Marketing Papers

Document Type

Journal Article

Date of this Version

3-2010

Publication Source

Marketing Science

Volume

29

Issue

5

Start Page

815

Last Page

827

DOI

10.1287/mksc.1090.0557

Abstract

Can negative information about a product increase sales, and if so, when? Although popular wisdom suggests that “any publicity is good publicity,” prior research has demonstrated only downsides to negative press. Negative reviews or word of mouth, for example, have been found to hurt product evaluation and sales. Using a combination of econometric analysis and experimental methods, we unify these perspectives to delineate contexts under which negative publicity about a product will have positive versus negative effects. Specifically, we argue that negative publicity can increase purchase likelihood and sales by increasing product awareness. Consequently, negative publicity should have differential effects on established versus unknown products. Three studies support this perspective. Whereas a negative review in the New York Times hurt sales of books by well-known authors, for example, it increased sales of books that had lower prior awareness. The studies further underscore the importance of a gap between publicity and purchase occasion and the mediating role of increased awareness in these effects.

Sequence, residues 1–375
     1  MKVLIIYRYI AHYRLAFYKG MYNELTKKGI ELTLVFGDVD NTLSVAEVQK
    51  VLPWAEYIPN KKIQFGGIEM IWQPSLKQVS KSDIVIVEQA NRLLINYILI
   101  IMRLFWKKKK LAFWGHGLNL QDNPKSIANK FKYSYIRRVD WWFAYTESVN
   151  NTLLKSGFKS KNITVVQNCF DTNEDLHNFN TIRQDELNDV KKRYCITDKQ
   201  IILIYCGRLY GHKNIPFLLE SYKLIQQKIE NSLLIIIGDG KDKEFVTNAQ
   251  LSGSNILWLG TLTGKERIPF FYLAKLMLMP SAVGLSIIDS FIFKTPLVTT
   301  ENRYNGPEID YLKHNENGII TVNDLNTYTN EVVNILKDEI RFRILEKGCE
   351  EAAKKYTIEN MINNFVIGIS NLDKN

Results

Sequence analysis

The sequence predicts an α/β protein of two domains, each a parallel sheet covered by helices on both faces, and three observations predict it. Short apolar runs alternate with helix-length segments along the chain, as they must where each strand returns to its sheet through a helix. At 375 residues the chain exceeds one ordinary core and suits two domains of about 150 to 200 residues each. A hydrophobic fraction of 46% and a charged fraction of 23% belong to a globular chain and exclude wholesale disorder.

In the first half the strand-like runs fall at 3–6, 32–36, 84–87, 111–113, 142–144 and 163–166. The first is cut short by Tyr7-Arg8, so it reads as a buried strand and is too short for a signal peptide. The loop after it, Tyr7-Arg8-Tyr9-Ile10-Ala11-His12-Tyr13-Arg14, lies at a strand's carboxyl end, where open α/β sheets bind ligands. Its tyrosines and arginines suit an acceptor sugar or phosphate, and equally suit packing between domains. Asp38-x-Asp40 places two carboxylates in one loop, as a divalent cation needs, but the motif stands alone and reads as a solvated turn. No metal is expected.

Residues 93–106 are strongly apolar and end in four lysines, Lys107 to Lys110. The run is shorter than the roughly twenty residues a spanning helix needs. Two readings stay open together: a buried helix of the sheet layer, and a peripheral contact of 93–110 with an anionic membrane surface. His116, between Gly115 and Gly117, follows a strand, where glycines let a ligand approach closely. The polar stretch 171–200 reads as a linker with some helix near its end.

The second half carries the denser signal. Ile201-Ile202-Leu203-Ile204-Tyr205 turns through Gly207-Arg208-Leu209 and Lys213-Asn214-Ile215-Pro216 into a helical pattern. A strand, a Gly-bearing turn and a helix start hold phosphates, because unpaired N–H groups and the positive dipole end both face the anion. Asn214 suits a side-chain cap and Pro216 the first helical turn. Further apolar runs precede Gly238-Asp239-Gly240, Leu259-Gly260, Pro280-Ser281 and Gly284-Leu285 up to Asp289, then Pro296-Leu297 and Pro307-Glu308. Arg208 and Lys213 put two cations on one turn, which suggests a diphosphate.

Keywords

negative publicity, awareness, word of mouth, product success

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Date Posted: 27 November 2017

This document has been peer reviewed.